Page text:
Q: Can we briefly discuss recent initial public offerings (IPOs) in the Canadian small-cap universe?

Chan: We like IPOs, but are selective. During 2015, we did participate in a few IPOs. One of the more meaningful ones was Spin Master Corp. (TOY), a major player in the toy industry globally. There have been some IPOs this year, but we haven't participated in any.

Carscallen: We don't traditionally participate in IPOs. There was an appetite last year for IPOs of non-resource, consumer-product-related companies.

Arpin: There was considerable enthusiasm for these companies. They came public with high valuations. As we've discussed, the S&P/TSX Small Cap Index is heavily resource-related. Investors were looking to put their money into non-resource related small-caps. We at Beutel Goodman seldom participate in IPOs. Statistically, IPOs are a difficult way to make money. A large percentage of Canadian IPOs end up trading below their issue price.

Chan: There have been some great IPOs in the past. For example, Dollarama Inc. (DOL).

Arpin: Yes.

Q: Mergers and acquisitions?

Arpin: This is always an important theme in the small-cap space.

Scott Carscallen
Scott Carscallen

Carscallen: Expectations for M&A in the oil patch are high. The banks are putting the squeeze on some of the struggling companies. They may be pushed to put themselves up for sale. A challenge is that acquiring companies tend to want to buy companies with one asset. Publicly traded companies with multiple assets might not be that attractive to them.

Arpin: There has been very little merger and acquisition activity in the North American oil and gas business. The challenge for the acquiring companies in the energy sector is that the equity prices have been way ahead of the commodity prices.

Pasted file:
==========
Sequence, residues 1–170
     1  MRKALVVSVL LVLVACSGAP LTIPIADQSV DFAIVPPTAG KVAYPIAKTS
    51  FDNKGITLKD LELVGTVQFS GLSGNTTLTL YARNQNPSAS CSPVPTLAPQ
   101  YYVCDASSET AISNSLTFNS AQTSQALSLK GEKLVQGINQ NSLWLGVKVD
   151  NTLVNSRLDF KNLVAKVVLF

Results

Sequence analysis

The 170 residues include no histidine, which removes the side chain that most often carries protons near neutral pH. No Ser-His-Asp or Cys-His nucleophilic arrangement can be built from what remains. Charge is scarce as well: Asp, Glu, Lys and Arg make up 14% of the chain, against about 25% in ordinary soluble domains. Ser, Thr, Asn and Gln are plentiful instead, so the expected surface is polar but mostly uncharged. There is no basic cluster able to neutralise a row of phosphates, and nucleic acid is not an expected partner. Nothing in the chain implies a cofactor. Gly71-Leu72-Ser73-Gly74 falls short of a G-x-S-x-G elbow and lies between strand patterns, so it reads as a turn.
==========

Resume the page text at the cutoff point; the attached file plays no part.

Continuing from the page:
Chan: I think that the probability of M&A activity in energy has increased. Over the past 12 months, it was hard for the buyer and seller to agree on the outlook for the commodity price. Recently, the current price of oil has become largely similar to the expected future price of oil at around US$45 a barrel. So there is a better chance of buyers and sellers coming together in a transaction.

Q: Briefly, your definitions of small-caps and number of names in your portfolios.

Arpin: Beutel Goodman follows MSCI guidelines and invests in securities that are ranked at the bottom 15% of the cumulative float-adjusted market capitalization of all TSX-listed stocks, at time of purchase. Currently, this would be a market float of $190 million to $2.5 billion. We have 41 names in Beutel Goodman Small Cap.

Carscallen: We tend to buy stocks with a market capitalization that is below the BMO Small Cap market capitalization threshold of about $1.9 billion, at present, and we can hold them up to $7.5 billion. We will let the stocks ride. We can go as low as $50 million. We have 50 names in Mackenzie Canadian Small Cap Value.

Chan: For new investments, our definition is $150 million to $750 million. As they grow, we can continue to hold them, as long as we like the stocks, up to a $3-billion market cap. We have 60 companies in Fiera Capital Equity Growth. Of these 40 are core positions, 10 are being built slowly and we are slowly crystallizing our gains in 10.